In countries where PSA testing is already widely used, Neal concludes that, until better tests are available, “Men should be aware of the benefits of early detection of prostate cancer,” and goes on to state that, “Current programmes that raise awareness and provide balanced information about the pros and cons of [individual testing] seem to be the right way forward.”
Having been able to review the complete, published article, The “New” Prostate Cancer InfoLink has to say that the degree of detailed information provided in this report is extraordinary, and the authors are to be highly commended for the clarity of the information provided.
Whatever else people may be able to make of this study, we believe that there are some very important facts to be learned:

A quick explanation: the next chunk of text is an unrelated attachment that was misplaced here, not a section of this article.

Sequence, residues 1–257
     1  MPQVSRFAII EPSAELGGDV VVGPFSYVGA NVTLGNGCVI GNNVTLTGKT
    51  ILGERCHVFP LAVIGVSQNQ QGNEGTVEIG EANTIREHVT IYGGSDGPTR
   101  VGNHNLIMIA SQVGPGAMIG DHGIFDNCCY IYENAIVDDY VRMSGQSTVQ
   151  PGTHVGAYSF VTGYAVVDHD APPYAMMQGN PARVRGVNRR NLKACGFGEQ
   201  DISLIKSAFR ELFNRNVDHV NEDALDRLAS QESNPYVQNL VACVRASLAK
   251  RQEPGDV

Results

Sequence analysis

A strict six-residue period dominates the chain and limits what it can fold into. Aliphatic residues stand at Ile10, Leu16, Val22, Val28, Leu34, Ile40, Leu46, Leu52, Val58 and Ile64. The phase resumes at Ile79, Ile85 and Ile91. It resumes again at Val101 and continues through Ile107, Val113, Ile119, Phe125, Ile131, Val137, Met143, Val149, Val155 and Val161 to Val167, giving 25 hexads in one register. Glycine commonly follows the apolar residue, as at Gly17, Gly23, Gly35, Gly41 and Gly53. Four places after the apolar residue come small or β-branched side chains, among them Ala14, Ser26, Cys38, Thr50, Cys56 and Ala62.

This study appears to show clearly that, in a screening-naïve population of men aged between 50 and 70 years of age, biannual PSA testing can lower the risk for prostate cancer-specific mortality by at least 40 percent.
In addition, the study shows that the proportion of patients diagnosed with prostate cancer and requiring hormone therapy in the screening group (103/1,138 or 9.1 percent) was much less than half that of the patients in the control group (182/718 or 25.3 percent), implying that early detection also reduced the risk for metastatic disease.
However … the study also shows clearly that (at 14 years of follow-up) biannual PSA screening has no impact whatsoever on the overall mortality rate in the same population.
We are therefore potentially faced with the difficult question of whether mass, population-based screening that does affect disease-specific mortality but does not affect overall mortality is justifiable based on the costs, the effort, and the potential harms to the men who are over-treated.